CBA in lesser developed countries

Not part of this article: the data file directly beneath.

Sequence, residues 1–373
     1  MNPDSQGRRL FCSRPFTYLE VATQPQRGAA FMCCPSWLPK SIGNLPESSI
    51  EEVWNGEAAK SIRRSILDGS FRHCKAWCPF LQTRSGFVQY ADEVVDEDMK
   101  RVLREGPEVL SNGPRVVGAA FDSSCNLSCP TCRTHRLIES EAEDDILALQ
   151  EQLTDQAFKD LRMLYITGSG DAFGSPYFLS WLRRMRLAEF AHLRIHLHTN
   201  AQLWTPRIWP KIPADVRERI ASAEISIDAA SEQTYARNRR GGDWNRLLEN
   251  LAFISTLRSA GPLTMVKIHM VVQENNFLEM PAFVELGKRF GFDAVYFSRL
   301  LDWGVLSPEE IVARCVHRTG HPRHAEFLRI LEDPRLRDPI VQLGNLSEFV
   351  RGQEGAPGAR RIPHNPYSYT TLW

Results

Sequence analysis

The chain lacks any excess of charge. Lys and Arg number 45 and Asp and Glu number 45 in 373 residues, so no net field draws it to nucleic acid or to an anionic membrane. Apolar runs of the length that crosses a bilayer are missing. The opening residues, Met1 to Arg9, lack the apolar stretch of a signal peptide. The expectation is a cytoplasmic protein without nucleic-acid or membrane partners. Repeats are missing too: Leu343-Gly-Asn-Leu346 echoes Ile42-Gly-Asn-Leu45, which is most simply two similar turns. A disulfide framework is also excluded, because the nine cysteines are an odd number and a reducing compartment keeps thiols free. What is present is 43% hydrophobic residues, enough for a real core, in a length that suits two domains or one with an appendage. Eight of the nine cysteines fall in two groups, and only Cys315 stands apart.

This chapter outlines the unified methodology, discussing issues of shadow pricing before describing a case study by way of illustrating implementation of the method. Shadow price issues include the pricing of traded and non-traded commodities in light of the presence of trade restrictions, efficiency pricing of factors of production and social pricing. The distinctive aspect of the use of cost–benefit analysis in lesser developed countries (LDCs) is that routine procedures make more extensive use of shadow prices than in developed countries. This is because distortions and disequilibria in market processes are more pervasive and serious in LDCs, the distribution of income and wealth is usually more markedly skewed, and the shortage of savings required to finance economic growth is more acute. Conversion factors for non-traded commodities and primary domestic inputs are ideally available from the Central Planning Office for translating domestic prices into border prices. An accounting ratio is the ratio of border price to domestic market price.